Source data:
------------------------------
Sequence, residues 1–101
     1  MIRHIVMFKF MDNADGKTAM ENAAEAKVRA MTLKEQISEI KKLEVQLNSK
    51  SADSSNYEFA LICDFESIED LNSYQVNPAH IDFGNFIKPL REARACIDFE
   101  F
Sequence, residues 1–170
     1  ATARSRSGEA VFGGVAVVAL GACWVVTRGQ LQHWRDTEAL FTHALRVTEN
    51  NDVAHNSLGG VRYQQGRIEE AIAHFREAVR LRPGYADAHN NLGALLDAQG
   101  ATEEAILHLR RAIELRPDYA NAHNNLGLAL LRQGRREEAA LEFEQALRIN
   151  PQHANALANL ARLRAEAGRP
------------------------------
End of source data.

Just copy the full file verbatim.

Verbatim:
Sequence, residues 1–101
     1  MIRHIVMFKF MDNADGKTAM ENAAEAKVRA MTLKEQISEI KKLEVQLNSK
    51  SADSSNYEFA LICDFESIED LNSYQVNPAH IDFGNFIKPL REARACIDFE
   101  F
Sequence, residues 1–170
     1  ATARSRSGEA VFGGVAVVAL GACWVVTRGQ LQHWRDTEAL FTHALRVTEN
    51  NDVAHNSLGG VRYQQGRIEE AIAHFREAVR LRPGYADAHN NLGALLDAQG
   101  ATEEAILHLR RAIELRPDYA NAHNNLGLAL LRQGRREEAA LEFEQALRIN
   151  PQHANALANL ARLRAEAGRP